Last week the Winnipeg Free Press ran a negative review of Swap:
Torontonian John McFetridge shook the manicured trees of Hogtown complacency with last year's gritty cops-and-bikers saga, Everyone Knows This Is Nowhere. But he seems to have lost his GPS in Swap (ECW Press, 240 pages, $25), a grimy sequel that seems designed only to set off another round of "oh-we-bad" titters among the overreaching Big Smoke glitterati.
The corps of ethnically hued cops is back, but this time they're little more than aw-shucks narrators on the sidelines of a greasy show that's all about the bad guys.
McFetridge strives for whorehouse/grow op-in-the-burbs shock value, but it all just seems like a low-rent Sopranos episode, full of suburban mob angst and endless reminiscing about gang warfare past.
An unrelieved dumpster-dive into Canada's criminal underclass, Swap is just too earnestly exploitive, a sleazy travelogue for dirtbags.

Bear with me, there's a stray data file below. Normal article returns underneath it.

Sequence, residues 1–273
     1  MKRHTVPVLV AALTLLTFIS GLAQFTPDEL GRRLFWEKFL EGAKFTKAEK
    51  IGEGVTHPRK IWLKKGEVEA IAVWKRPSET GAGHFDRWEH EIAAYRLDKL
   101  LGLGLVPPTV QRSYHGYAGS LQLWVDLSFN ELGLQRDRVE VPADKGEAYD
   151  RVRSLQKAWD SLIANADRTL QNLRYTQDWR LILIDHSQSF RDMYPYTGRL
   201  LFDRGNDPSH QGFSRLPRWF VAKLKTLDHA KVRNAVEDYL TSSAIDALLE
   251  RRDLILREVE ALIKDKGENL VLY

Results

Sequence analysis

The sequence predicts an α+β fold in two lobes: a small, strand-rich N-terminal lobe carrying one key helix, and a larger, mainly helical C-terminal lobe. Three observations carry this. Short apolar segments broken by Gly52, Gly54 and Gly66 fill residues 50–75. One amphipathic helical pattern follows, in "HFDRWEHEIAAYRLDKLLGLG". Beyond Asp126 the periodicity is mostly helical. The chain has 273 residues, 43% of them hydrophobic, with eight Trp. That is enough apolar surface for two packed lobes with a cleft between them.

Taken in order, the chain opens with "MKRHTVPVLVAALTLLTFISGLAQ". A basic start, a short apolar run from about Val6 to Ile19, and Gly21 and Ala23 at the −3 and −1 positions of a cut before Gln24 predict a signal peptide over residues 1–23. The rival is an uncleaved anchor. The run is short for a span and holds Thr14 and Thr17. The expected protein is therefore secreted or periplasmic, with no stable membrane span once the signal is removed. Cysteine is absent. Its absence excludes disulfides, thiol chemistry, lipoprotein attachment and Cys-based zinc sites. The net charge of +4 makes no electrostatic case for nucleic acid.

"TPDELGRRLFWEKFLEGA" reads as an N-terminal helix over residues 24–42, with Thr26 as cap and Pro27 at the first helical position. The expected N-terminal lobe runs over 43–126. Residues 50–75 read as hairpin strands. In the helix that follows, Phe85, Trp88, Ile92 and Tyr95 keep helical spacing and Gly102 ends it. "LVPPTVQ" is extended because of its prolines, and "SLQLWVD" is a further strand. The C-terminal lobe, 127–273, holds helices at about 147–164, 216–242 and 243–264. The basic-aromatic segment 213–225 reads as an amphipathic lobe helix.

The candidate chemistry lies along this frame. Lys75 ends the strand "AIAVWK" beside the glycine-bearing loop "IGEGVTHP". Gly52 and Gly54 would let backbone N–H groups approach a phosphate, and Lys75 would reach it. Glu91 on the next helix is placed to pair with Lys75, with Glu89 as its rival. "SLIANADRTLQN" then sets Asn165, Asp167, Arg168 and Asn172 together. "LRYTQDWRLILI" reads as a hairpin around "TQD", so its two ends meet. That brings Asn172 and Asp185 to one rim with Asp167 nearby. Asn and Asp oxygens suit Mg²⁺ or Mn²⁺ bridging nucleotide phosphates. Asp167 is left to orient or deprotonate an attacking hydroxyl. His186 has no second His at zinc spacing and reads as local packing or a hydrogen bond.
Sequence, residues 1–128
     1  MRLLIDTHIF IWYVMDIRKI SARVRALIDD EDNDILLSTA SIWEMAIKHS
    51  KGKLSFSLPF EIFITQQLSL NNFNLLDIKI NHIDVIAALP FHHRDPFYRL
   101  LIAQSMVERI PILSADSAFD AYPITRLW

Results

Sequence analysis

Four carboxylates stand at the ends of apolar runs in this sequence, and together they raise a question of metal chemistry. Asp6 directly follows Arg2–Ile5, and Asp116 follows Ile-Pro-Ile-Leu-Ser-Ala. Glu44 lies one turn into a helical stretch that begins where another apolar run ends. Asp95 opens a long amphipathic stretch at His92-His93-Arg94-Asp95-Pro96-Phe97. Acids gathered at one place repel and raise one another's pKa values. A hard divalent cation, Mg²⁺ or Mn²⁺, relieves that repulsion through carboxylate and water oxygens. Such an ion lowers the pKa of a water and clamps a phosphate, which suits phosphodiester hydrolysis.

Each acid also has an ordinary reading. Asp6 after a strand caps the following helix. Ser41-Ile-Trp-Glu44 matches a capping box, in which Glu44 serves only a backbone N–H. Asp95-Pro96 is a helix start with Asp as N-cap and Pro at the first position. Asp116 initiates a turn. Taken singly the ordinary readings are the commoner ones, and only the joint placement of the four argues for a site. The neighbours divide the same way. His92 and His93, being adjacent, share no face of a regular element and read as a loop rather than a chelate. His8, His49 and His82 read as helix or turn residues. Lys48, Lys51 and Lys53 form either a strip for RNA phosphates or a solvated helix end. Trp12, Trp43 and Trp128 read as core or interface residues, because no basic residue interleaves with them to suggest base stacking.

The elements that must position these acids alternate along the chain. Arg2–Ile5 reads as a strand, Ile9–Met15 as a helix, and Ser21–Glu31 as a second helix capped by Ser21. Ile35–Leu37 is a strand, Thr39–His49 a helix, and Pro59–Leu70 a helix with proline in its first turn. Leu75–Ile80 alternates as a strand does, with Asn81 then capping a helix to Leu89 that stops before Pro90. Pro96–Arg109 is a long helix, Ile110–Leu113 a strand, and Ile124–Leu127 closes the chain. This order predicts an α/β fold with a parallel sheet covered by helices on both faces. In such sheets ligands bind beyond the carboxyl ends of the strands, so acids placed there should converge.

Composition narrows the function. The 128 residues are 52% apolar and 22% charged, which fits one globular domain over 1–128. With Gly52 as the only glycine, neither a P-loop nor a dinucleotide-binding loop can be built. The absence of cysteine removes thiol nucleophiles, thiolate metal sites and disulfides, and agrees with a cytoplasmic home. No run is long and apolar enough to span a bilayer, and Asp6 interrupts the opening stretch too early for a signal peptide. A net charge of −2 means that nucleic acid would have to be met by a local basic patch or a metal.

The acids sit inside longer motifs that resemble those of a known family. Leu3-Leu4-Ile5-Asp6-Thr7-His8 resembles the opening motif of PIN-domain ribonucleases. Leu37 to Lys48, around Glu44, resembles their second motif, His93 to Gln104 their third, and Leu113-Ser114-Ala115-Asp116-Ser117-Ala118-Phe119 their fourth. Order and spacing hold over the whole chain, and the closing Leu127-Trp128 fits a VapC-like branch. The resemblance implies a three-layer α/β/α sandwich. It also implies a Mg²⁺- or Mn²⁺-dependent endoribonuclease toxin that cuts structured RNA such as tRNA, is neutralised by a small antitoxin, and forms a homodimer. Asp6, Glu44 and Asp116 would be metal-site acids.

I think it's good to get some bad reviews. In this case it's tempered by the fact the reviewer also didn't like the new Dexter or the new Kathy Reich (full reviews here), but also I think I tried to write a book that didn't please everyone. If the book is going to be something that some people really like, it's also going to be something that some people really don't like.
Of course, that review is also tempered by a starred review in Canada's book magazine, Quill and Quire:
In Swap, John McFetridge gives readers an in-depth look into the world of organized crime in the form of outlaw biker gangs, and the difficulties law enforcement faces trying to quash them...The tension is palpable and the reader waits for the one spark that will ignite a bloody turf war...Swap’s dialogue displays much of [Elmore] Leonard’s sparkle, and the novel’s terse, staccato prose evokes [Ken] Bruen. But Swap is more than just the sum of its influences. It grabs you by the throat and squeezes until you agree to read just one page, just one more page.
You gotta take the bad with the good, right?